From ergonomics standpoint, the two monitors are very similar: both can regulate height, tilt, swivel or can be attached to a VESA wall mounting. As for ASUS’ proprietary enhancements, such as GamePlus OSD features and GameVisual modes that adjust LCD for a particular game genre, they are supported, but with some variability between models. Finally, to make the new ROG Strix monitors look like other latest ROG-branded models, the new LCDs also feature adjustable ROG signature projection on the bottom as well as the Aura Sync RGB LEDs on the back. The latter can automatically match their behaviour with the Aura Sync LEDs inside the host PC and peripherals.

ASUS ROG Strix XG32VQ and ROG Swift XG35VQ Displays
  ROG Strix XG32VQ ROG Swift XG35VQ
Panel 31.5" VA 35" VA
Native Resolution 2560 × 1440 3440 × 1440
Refresh Rate 144 Hz 100 Hz
Dynamic Refresh Rate Technology AMD FreeSync
Range 48 - 144 Hz for DP, HDMI 48 - 100 Hz for DP, HDMI
Response Time 4 ms (gray-to-gray)
Brightness 300 cd/m²
Contrast 3000:1 2500:1
Color Gamut 125% sRGB 100% sRGB
Viewing Angles 178°/178° horizontal/vertical
Curvature 1800R
Inputs 1 × HDMI 2.0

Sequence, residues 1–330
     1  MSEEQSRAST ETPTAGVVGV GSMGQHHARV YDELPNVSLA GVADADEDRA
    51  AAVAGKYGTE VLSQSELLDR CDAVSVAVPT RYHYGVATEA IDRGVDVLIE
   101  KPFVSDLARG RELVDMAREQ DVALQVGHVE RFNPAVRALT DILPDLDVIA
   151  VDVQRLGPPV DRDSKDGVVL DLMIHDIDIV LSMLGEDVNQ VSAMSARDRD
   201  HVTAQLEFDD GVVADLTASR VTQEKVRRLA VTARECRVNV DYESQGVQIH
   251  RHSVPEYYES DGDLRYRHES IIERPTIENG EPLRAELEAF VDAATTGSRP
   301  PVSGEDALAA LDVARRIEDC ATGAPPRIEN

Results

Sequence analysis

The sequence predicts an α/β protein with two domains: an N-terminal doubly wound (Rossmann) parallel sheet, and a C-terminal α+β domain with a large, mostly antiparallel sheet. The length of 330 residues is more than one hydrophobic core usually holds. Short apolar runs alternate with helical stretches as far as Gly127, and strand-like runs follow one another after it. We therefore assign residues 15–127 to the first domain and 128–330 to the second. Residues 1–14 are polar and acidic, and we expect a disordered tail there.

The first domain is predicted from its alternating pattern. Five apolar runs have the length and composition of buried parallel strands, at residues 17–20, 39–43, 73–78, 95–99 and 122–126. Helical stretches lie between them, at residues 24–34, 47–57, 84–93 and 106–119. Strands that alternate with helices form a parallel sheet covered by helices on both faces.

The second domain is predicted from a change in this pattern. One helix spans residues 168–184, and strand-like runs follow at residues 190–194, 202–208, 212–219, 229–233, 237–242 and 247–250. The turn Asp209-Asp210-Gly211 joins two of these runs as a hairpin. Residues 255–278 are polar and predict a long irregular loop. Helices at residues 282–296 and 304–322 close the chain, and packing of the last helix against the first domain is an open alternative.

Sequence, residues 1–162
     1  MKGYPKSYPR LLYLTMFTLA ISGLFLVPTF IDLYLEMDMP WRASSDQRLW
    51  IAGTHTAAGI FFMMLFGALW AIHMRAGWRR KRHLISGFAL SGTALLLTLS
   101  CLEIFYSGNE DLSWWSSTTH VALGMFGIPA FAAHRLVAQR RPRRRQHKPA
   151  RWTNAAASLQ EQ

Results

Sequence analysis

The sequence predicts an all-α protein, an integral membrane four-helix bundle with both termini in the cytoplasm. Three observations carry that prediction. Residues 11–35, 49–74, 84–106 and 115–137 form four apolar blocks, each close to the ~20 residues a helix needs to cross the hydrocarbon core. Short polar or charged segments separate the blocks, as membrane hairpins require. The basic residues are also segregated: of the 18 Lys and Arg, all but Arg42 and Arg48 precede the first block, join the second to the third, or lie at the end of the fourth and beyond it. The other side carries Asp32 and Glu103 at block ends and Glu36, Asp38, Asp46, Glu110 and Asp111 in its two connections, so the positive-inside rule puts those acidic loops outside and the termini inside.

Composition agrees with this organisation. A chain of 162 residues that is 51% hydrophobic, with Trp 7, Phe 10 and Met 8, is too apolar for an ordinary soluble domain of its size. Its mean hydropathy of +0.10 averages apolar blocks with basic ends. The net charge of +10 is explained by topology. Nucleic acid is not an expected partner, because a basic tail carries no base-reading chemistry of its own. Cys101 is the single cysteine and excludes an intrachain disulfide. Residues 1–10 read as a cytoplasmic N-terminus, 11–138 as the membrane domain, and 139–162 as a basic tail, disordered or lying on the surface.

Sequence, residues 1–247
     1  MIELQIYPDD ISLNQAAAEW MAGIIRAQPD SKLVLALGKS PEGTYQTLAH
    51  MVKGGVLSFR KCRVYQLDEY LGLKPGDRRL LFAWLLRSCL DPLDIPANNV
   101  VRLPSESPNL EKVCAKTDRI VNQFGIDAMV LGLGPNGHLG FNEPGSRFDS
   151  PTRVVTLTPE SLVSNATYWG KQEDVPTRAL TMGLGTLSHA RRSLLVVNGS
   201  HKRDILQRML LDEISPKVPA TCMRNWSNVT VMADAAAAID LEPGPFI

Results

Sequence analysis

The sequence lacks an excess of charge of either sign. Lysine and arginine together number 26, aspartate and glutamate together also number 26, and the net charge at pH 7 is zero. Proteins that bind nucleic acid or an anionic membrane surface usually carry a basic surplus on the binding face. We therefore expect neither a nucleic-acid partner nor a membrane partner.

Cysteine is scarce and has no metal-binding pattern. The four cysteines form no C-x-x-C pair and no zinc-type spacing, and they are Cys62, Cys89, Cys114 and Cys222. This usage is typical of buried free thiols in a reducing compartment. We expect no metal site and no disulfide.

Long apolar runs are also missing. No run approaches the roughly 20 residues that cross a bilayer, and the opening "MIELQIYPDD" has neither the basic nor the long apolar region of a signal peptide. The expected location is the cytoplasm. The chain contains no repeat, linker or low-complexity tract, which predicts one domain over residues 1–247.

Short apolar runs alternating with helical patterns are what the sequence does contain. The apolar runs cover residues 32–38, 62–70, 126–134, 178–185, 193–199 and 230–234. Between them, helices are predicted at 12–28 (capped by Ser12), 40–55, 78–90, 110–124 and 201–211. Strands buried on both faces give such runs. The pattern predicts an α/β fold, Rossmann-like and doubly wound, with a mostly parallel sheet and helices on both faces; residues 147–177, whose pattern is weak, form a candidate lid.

1 × DisplayPort 1.2
1 × Mini DisplayPort 1.2
1 × HDMI 1.4
1 × HDMI 2.0
1 × DisplayPort 1.2
USB Hub 2 × USB 3.0
Audio 1 × 3.5-mm audio jack for headphones
Proprietary Enhancements Trace Free Technology
Color Temperature Selection: 4 Modes
GamePlus Modes:  Crosshair/Timer/Display Alignment
Low Blue Light: Yes
VividPixel: Yes
GameVisual Modes: Scenery/Racing/Cinema/RTS/RPG/FPS/MOBA/sRGB
Trace Free Technology
Color Temperature Selection: 4 Modes
GamePlus Modes:  Crosshair/Timer/Display Alignment
Low Blue Light: Yes
GameVisual Modes: Scenery/Racing/Cinema/RTS/RPG/FPS/sRGB
GameFast Input
Power Consumption
Idle ~0.5 W
Active 43 W at 200 cd/m²
Detailed Information Link Link

ASUS is not disclosing when exactly it plans to start selling the two monitors. Since the company has published presumably final specs of the new units, they are presumably set to be available rather sooner than later. In the meantime, ASUS’ first ultra-wide curved monitor ROG Swift PG348Q based on an IPS panel and offering several advantages over the new displays is now available for less than $1,000.